It's not 'Earth Day' – it's 'Anti-Trump Day'

Wednesday, April 19, 2017
Chris Woodward (

Earth Day and U.S. CapitolA climate-change skeptic says some upcoming Earth Day marches are primarily political in nature, even though organizers claim the focus will be on the earth and climate.

For a variety of reasons, skeptics of all backgrounds downplay concerns about alleged "global warming." But individuals, think tanks and special-interest groups – most of them liberal – believe man's burning of fossil fuels is driving up temperatures and resulting in bigger, more powerful storms.

One organization that won't be attending this weekend's "March for Science" is the Cornwall Alliance for the Stewardship of Creation.


"If there were a real march for science, we might very well be glad to participate in it," says Cornwall founder and national spokesman Cal Beisner. "A real march for science would tell us for instance that sound science can lead to good environmental stewardship, and it would tell us that there's a difference between rational, evidence-driven science and most of the science that lies behind environmentalism's scare-mongering."

Beisner also says a real march for science would explain that real science "doesn't work by consensus, intimidation, data manipulation or personal attack" – but instead "by painstakingly comparing theories and predictions with real-world observations."

What about the repeated statements that 97 percent of scientists agree on "climate change"?

"Scientific consensus gets overturned all the time," he responds, "but the reality is that the notion that 97 percent of scientists agree that global warming is real and dangerous and all of that, is built on terrible confusions, terrible equivocations."

Beisner adds that, beyond that, there's huge debate over whether man-made CO2 emissions have been the primary driver or a very small bit player in it; over whether the amount of warming coming from emissions of greenhouse gases is going to be dangerous or benign or perhaps even beneficial; and over whether even if it's dangerous enough to justify spending trillions of dollars to try to reduce that warming.

That's why on Saturday, April 22, a "March for Science" will take place in Washington, DC, and other parts of the country to coincide with the observance of Earth Day. One week later, the "People's Climate March" will occur in the District of Columbia and other cities. The website for the latter event states:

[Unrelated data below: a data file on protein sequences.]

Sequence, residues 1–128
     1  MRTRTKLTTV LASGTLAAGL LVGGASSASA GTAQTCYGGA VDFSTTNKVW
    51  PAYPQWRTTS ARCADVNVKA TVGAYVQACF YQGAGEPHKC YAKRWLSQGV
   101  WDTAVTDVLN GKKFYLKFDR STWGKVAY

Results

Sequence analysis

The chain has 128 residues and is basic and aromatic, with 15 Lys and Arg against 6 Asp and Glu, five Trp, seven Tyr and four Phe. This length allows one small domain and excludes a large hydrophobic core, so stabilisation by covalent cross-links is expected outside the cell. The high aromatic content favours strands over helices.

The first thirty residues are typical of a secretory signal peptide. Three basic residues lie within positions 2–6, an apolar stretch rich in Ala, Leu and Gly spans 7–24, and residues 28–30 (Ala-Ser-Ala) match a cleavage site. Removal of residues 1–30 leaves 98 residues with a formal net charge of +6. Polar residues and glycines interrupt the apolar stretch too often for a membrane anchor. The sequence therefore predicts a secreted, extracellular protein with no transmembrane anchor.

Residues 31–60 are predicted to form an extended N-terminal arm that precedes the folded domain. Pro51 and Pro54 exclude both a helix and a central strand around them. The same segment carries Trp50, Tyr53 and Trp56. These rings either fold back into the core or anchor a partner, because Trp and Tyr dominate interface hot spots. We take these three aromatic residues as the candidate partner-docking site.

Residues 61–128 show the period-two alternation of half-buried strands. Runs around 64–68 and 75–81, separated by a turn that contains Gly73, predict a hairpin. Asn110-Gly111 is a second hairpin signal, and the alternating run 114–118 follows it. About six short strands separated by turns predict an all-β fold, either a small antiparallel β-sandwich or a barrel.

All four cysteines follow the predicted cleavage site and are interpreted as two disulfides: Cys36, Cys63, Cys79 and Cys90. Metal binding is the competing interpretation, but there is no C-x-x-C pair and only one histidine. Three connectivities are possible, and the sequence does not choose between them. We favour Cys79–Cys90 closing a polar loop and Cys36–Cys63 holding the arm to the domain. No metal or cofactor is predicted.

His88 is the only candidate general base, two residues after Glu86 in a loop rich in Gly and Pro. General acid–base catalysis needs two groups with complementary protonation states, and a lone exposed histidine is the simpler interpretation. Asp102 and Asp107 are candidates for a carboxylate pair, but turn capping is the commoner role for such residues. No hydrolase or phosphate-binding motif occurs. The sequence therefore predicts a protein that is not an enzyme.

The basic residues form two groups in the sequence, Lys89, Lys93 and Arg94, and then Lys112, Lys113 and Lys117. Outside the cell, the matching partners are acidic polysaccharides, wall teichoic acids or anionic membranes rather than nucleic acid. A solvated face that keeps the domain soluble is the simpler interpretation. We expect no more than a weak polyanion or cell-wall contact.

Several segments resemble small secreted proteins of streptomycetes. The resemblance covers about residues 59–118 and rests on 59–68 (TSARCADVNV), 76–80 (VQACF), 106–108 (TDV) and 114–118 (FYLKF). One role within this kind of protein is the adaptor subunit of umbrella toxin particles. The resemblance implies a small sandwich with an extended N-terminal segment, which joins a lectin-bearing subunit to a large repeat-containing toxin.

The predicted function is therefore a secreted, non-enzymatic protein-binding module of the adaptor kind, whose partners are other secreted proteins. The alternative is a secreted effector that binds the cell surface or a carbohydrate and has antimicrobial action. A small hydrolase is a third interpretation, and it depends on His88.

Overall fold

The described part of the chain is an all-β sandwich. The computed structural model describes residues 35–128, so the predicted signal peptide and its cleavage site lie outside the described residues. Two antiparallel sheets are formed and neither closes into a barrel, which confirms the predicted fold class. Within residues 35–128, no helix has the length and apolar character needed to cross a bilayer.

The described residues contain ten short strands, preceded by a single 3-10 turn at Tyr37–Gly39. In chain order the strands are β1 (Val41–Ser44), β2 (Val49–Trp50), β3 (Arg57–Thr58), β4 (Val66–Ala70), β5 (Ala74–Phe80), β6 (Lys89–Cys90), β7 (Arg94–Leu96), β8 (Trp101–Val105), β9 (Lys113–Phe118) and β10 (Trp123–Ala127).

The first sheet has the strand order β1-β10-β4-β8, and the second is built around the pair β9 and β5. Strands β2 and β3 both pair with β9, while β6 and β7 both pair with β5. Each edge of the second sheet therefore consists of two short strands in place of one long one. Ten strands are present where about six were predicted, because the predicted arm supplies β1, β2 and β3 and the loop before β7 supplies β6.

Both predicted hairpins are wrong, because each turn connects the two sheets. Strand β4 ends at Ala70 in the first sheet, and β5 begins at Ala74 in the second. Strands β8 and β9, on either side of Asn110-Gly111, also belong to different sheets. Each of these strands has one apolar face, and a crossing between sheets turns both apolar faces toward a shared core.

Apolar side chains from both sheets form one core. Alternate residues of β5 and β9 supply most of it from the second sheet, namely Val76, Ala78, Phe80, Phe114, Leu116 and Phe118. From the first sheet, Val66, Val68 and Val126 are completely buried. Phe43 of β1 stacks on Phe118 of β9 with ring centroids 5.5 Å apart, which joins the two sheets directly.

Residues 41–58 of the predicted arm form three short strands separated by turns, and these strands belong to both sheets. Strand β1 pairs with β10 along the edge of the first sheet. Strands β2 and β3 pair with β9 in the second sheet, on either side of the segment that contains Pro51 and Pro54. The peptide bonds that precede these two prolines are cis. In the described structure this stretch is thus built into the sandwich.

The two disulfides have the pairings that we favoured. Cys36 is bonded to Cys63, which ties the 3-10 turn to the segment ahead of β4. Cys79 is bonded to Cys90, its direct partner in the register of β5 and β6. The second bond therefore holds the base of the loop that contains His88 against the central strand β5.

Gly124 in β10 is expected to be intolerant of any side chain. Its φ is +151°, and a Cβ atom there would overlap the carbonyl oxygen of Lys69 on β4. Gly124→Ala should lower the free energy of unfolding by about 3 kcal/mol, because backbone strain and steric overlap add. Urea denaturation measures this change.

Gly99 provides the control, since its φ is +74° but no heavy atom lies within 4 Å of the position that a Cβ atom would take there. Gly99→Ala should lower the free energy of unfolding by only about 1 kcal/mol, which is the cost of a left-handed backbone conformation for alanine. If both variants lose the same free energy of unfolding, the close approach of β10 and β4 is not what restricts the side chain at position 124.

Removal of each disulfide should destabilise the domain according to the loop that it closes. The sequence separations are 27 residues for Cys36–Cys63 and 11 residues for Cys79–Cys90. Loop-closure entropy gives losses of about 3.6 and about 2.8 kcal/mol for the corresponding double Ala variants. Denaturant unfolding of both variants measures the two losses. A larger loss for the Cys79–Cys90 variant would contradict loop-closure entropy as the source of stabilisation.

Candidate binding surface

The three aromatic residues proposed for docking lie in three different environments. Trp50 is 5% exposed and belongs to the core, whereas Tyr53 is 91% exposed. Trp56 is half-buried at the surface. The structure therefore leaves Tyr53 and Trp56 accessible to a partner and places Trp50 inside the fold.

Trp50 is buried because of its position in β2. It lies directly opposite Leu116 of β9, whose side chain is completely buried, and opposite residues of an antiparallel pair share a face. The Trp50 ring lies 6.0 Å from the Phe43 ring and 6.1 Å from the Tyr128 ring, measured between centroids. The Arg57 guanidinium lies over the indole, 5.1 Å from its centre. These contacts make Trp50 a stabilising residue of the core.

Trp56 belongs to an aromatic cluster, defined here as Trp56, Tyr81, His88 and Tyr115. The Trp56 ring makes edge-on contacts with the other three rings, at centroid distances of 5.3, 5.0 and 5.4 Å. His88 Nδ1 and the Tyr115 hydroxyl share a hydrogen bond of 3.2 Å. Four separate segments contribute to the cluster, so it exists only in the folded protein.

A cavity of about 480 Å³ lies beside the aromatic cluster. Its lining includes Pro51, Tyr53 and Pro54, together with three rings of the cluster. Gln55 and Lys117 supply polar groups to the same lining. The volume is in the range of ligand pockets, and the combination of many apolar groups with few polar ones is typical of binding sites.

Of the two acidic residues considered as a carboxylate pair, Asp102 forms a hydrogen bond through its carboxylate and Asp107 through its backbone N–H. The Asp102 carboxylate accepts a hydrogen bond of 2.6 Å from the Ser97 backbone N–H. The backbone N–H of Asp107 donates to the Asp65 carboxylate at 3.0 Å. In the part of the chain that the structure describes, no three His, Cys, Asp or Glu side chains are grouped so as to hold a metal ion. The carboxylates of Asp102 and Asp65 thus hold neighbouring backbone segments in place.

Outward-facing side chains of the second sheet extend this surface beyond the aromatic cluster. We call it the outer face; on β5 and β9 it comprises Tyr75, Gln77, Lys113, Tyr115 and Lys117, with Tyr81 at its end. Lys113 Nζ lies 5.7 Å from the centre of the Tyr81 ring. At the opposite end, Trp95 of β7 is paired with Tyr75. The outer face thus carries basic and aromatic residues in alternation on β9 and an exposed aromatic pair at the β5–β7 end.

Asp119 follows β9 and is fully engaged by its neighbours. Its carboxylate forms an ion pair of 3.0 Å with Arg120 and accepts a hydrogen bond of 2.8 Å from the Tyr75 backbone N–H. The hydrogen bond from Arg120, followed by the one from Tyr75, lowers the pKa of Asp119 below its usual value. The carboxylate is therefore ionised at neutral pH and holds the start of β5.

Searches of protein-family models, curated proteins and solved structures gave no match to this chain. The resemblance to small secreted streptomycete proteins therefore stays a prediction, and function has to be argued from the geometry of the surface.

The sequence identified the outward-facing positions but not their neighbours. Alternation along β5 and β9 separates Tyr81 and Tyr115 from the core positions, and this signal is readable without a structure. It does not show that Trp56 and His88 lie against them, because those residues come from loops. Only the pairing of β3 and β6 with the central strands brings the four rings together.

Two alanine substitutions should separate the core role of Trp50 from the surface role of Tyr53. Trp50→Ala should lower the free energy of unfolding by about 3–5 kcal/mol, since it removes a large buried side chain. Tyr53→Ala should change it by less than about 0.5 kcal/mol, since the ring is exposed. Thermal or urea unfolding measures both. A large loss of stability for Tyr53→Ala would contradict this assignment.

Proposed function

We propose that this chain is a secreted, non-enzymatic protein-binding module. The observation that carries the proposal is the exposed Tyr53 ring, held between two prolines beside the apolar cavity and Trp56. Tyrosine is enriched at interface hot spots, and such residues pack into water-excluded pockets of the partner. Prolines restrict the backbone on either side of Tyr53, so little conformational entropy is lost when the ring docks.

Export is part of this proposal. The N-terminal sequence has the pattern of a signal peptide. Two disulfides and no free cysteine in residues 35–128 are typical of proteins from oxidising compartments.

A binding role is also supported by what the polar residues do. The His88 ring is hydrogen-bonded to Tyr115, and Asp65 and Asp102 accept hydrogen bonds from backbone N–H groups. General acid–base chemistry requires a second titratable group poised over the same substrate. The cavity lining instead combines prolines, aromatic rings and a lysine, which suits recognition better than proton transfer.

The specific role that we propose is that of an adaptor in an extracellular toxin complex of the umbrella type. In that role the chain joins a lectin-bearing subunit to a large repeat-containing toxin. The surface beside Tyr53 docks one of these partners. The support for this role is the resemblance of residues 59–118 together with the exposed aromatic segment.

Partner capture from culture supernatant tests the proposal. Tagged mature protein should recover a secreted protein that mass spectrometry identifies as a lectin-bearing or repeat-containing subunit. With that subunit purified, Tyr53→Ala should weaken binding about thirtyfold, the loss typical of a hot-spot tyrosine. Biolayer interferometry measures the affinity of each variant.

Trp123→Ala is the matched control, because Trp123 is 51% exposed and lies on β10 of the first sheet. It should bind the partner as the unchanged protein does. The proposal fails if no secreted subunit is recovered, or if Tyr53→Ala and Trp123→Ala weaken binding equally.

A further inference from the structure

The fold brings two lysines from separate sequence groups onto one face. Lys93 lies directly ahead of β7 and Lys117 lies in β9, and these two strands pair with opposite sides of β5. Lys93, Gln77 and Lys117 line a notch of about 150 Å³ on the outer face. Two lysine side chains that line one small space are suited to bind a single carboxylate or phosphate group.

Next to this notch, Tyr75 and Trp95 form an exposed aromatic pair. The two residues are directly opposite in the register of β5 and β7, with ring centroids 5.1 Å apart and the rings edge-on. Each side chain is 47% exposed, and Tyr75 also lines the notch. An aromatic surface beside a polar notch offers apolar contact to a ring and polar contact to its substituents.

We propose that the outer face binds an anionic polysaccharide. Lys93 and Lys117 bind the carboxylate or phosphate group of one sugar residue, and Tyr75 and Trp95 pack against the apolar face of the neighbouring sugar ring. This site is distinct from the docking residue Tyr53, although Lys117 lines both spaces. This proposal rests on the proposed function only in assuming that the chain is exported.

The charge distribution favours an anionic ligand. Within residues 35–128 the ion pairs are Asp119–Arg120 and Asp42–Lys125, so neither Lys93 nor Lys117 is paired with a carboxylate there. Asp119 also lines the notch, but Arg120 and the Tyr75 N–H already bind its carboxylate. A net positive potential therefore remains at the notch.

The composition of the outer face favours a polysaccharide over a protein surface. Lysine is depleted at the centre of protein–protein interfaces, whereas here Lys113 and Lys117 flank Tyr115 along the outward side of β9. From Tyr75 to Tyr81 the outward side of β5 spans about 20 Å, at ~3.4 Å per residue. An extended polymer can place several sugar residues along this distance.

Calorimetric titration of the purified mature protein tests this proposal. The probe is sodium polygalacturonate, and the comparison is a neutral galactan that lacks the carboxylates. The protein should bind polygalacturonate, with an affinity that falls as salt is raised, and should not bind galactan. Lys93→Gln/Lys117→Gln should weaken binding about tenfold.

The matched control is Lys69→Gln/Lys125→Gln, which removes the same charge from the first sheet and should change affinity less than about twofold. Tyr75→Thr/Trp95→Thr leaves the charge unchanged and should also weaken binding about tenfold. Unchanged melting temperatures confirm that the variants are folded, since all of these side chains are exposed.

"Everything we have struggled to move forward in the United States is in peril. Our loved ones feel under siege, and those in power in Washington are advancing a dark and dangerous vision of America that we know is untrue."

Climate Depot's Marc Morano, a skeptic of catastrophic man-made global warming, says this isn't about science.

Morano, Marc (Climate Depot)"The entire march is based on the premise that President Trump is destroying the earth, destroying the climate, and [that] this is going to be devastating," he tells OneNewsNow.

Calling the March 29 march a "mass mobilization," the national coordinator of the Peoples Climate Movement describes the Trump administration's repeal of Barack Obama's Clean Power Plan as "a dangerous step that puts people and the planet at grave risk."

Morano's not buying it. "This is a standard political march with a climate label," he states. "It's going to be the usual suspects showing up – [and] I can't imagine that they have anything new to add to this debate."

He also points out that the science and models promoted by many of those groups even admit that regulations from the Environmental Protection Agency and the United Nations treaties would have no impact on the climate.

4-20-2017 - Comments from Cal Beisner added.


We moderate all reader comments, usually within 24 hours of posting (longer on weekends). Please limit your comment to 300 words or less and ensure it addresses the article - NOT another reader's comments. Comments that contain a link (URL), an inordinate number of words in ALL CAPS, rude remarks directed at other readers, or profanity/vulgarity will not be approved. More details
Bernie, will you pay my utility bill, too?

Internet concept (http)This may go without saying, but broadband Internet isn't considered a necessity – unless, of course, your name is Bernie Sanders.